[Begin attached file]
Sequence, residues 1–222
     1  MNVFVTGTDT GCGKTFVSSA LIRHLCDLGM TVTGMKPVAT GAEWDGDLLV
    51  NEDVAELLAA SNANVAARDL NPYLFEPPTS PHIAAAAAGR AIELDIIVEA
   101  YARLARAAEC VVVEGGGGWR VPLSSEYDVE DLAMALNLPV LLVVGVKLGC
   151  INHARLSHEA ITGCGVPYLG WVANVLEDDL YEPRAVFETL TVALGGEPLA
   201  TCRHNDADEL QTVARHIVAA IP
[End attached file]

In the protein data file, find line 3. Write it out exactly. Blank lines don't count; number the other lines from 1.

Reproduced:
    51  NEDVAELLAA SNANVAARDL NPYLFEPPTS PHIAAAAAGR AIELDIIVEA